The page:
- New Reporting Requirements: Rail carriers involved in the transportation of any dangerous goods (subject to the exceptions listed in the Rail Security Regulations) will be required to immediately report any potential threat or security concern to the Canadian Transport Emergency Centre. Potential security threats and other security concerns include issues ranging from any sign of tampering with a railway vehicle to bomb threats.
- Rail Security Coordinator: Rail carriers involved in the transportation of any dangerous goods (subject to limited exceptions) will be required to have a rail security coordinator on staff at all times. That person will be responsible for coordinating security practices and procedures within the carrier’s organization and serving as the primary contact on security-related matters with law enforcement, emergency response agencies and other government bodies and agencies such as Transport Canada.
Non-compliance with the Rail Security Regulations can result in criminal sanctions, which may include fines of up to C$50,000 for a first offence and C$100,000 for subsequent offences.
KEY TAKEAWAYS AND POTENTIAL EFFECTS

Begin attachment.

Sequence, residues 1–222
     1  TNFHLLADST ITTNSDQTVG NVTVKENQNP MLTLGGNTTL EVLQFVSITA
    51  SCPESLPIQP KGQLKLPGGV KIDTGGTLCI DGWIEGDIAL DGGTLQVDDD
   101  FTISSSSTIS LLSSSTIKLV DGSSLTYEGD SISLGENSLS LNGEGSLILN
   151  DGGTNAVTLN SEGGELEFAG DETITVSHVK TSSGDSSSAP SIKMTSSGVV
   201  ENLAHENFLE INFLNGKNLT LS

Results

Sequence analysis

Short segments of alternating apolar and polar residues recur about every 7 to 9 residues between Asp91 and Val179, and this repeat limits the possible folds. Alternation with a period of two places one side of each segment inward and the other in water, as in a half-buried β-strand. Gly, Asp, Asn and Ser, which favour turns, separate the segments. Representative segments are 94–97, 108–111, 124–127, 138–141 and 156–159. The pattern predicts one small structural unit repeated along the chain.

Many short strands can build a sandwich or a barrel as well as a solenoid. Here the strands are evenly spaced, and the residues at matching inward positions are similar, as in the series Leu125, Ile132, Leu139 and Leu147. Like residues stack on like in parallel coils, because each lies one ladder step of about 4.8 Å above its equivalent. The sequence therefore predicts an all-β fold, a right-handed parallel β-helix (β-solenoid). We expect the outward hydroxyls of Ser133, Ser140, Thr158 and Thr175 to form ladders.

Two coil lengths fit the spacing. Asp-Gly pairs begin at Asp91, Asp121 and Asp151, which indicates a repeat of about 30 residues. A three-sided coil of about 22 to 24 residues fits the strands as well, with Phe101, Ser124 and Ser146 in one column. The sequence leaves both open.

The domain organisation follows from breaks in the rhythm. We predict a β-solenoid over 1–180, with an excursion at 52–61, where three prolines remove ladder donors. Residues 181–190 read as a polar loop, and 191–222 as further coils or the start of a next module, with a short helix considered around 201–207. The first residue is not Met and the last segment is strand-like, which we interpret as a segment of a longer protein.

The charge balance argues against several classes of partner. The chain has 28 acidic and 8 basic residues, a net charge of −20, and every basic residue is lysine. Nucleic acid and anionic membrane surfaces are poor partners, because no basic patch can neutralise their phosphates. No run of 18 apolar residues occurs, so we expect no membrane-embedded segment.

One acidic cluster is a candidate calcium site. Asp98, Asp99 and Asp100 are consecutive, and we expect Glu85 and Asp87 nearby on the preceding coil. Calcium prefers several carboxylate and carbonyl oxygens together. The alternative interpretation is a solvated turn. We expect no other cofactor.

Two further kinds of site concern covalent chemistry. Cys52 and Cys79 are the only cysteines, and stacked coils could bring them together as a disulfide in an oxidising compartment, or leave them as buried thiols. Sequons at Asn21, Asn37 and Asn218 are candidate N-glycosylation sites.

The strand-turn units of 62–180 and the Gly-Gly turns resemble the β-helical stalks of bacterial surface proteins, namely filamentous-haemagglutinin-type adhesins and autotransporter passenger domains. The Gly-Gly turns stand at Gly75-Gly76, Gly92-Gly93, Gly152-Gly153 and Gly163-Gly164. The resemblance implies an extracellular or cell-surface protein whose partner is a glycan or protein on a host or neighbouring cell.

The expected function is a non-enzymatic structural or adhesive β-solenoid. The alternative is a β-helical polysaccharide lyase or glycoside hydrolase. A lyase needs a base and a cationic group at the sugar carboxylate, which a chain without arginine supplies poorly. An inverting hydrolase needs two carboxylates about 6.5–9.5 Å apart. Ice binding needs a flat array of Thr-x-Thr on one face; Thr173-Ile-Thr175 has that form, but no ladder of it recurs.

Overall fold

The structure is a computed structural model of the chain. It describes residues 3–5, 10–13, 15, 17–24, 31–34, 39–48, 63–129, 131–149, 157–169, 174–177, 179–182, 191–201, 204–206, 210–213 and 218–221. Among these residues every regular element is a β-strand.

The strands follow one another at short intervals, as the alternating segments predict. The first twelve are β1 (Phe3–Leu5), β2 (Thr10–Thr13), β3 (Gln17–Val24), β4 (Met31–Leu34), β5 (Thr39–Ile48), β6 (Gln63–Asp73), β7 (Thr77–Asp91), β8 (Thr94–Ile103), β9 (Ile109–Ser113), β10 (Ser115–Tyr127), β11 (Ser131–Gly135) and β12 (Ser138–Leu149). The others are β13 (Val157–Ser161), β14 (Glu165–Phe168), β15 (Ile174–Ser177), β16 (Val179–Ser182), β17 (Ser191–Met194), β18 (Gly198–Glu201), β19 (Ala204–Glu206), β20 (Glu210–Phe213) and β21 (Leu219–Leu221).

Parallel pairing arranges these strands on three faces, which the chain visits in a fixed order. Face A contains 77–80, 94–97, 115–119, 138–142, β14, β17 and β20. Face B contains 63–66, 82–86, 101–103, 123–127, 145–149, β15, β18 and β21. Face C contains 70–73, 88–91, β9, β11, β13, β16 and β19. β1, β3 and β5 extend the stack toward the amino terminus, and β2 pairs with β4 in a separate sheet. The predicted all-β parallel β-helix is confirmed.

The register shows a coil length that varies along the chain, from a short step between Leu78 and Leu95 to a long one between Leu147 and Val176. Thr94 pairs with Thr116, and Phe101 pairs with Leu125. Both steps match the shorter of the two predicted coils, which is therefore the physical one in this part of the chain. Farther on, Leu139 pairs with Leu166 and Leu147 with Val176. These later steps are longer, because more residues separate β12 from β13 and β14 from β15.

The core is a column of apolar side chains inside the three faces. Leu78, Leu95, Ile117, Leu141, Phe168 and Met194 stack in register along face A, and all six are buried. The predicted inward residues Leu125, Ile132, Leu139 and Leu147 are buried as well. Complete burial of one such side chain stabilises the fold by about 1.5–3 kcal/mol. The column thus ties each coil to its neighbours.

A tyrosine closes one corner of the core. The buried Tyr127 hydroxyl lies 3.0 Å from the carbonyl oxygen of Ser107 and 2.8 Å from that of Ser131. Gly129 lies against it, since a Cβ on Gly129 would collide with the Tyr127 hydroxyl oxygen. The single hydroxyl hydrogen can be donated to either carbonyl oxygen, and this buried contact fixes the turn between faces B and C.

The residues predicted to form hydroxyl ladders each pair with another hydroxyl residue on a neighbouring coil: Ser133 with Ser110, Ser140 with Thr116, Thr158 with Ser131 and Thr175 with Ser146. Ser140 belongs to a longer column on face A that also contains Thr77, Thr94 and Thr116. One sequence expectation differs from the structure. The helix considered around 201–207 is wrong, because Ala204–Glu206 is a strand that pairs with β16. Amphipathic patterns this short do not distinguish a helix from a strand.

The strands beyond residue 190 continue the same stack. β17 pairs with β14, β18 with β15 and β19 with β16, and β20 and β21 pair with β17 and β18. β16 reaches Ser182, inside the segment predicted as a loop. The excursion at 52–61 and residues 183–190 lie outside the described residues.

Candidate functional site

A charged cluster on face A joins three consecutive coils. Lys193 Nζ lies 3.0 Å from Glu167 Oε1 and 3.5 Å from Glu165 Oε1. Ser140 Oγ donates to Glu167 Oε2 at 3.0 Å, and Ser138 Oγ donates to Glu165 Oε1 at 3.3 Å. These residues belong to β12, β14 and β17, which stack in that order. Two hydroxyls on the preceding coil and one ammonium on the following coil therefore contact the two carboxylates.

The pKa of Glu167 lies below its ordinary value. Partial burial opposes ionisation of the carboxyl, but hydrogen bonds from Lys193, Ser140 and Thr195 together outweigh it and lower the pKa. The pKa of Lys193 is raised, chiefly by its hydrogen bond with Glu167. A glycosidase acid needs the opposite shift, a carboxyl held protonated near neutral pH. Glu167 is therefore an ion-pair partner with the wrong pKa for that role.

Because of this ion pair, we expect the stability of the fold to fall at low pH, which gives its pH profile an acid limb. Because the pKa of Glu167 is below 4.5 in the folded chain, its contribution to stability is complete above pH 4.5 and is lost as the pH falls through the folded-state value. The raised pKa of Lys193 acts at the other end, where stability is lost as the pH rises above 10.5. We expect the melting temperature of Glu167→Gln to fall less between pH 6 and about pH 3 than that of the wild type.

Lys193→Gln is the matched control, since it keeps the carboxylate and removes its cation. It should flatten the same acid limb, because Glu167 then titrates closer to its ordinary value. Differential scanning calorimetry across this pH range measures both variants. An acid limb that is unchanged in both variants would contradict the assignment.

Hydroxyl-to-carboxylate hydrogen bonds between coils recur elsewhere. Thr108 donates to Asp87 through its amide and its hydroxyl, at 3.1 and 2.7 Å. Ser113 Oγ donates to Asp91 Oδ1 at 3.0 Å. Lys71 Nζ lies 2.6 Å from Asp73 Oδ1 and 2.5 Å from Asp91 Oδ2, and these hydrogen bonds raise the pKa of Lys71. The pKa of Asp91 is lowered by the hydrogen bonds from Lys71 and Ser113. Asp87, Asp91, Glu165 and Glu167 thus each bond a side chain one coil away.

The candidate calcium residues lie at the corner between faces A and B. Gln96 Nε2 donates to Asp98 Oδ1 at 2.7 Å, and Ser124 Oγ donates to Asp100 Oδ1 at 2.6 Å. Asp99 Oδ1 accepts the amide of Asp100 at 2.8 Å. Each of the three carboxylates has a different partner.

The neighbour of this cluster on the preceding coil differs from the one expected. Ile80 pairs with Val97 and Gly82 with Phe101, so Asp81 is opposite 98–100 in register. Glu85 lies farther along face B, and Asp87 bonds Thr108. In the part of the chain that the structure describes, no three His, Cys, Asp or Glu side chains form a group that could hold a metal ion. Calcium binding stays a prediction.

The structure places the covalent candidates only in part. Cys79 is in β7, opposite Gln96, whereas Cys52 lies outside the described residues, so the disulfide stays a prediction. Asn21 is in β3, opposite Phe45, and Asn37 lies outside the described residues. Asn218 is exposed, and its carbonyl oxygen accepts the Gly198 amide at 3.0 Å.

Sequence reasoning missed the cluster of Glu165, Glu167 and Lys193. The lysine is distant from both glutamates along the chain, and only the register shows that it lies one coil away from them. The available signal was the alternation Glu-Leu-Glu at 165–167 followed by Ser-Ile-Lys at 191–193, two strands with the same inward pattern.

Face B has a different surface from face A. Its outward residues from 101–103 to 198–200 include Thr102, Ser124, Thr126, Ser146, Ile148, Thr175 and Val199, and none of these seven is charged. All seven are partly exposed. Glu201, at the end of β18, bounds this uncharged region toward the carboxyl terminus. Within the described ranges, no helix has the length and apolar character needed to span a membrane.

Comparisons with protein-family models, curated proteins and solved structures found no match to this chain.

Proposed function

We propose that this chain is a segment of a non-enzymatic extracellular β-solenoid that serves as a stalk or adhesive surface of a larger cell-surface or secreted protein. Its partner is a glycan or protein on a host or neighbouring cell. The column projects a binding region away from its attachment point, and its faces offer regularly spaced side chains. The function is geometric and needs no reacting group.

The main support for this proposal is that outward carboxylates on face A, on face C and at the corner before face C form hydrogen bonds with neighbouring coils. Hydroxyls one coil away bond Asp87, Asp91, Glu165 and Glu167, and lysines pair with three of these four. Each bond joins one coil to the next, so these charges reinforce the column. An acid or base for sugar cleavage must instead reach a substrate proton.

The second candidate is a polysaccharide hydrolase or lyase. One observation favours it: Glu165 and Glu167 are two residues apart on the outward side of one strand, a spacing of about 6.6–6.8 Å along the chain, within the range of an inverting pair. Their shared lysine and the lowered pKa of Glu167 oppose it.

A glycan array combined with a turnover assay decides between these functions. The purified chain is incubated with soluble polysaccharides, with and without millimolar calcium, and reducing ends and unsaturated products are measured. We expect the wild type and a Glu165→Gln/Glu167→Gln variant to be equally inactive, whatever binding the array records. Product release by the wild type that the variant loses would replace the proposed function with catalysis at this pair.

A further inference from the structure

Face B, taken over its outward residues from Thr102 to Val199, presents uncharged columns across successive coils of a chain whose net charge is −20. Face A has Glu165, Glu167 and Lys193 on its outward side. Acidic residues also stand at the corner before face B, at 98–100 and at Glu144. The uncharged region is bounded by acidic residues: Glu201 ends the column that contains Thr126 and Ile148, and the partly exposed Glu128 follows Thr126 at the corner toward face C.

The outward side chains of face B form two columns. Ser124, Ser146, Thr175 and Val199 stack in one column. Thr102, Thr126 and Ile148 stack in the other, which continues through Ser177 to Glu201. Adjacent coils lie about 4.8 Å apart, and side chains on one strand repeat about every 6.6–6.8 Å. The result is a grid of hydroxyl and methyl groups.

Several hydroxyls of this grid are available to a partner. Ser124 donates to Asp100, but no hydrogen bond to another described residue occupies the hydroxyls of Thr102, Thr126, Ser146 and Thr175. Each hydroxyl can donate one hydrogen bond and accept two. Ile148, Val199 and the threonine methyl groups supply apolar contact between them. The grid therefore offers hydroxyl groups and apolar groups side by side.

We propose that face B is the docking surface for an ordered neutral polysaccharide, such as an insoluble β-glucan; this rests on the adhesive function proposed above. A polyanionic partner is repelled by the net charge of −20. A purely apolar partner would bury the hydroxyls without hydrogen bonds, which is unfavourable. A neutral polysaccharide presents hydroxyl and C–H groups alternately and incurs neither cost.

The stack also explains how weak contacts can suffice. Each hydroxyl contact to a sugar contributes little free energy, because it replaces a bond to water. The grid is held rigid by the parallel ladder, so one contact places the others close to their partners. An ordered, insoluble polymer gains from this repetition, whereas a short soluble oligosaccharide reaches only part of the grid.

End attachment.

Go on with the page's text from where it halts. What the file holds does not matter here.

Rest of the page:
Several key takeaways and potential effects of the Rail Security Regulations are notable:
- The Rail Security Regulations will apply only to the transportation of dangerous goods by rail, and not to other modes of transportation.
- The impact of the Rail Security Regulations will have a much broader impact than just to railway companies. The Regulations not only apply to rail carriers, but also to consignors, a term that includes persons and companies named in shipping documents, who import dangerous goods into Canada, or who have possession of dangerous goods immediately before they are in transport.
- The definition of “security-sensitive goods” includes many petroleum hydrocarbons such as diesel fuel, gasoline, crude oil, jet fuel and petroleum distillates when those products are shipped in bulk quantities. As such, any rail carriers or consignors who ship these products will be required to develop and implement security plans and train employees accordingly, in addition to the other requirements under the Rail Security Regulations.
- While implementation costs will likely be relatively low for certain rail carriers, they are likely to be higher for other affected parties. This will be particularly true when it comes to training, given the requirement that companies provide security awareness training to all employees, and all persons acting directly or indirectly on the company’s behalf, and not just those directly involved in the shipment of the goods by rail.
- It is possible that rail security requirements will become stricter over time, particularly if the federal government continues to move towards greater harmonization with the requirements already in place in the United States.